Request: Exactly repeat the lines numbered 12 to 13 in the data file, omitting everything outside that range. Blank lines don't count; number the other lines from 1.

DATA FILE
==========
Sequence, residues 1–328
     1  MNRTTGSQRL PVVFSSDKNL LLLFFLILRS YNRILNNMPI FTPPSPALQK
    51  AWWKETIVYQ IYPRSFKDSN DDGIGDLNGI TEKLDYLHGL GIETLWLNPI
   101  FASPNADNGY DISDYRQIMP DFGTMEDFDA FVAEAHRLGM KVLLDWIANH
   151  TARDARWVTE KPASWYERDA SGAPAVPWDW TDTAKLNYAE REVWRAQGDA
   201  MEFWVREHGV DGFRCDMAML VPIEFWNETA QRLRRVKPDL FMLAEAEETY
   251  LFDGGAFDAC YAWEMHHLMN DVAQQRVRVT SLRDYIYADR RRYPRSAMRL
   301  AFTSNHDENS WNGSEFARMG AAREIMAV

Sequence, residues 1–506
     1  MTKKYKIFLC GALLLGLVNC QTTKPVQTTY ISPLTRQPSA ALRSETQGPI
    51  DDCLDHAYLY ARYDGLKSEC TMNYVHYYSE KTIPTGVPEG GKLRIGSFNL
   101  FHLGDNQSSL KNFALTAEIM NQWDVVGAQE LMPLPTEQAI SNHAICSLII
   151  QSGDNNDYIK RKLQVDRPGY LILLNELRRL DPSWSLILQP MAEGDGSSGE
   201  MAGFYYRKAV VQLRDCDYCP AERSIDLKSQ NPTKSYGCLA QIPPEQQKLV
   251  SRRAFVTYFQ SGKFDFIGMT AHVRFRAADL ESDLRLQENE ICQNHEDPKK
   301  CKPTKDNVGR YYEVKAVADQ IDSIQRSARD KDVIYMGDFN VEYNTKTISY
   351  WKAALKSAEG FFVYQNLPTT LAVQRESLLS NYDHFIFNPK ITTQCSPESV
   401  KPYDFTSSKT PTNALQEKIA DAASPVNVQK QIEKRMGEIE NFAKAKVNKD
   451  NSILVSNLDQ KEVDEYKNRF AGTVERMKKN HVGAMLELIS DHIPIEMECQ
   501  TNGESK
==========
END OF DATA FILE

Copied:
   101  FHLGDNQSSL KNFALTAEIM NQWDVVGAQE LMPLPTEQAI SNHAICSLII
   151  QSGDNNDYIK RKLQVDRPGY LILLNELRRL DPSWSLILQP MAEGDGSSGE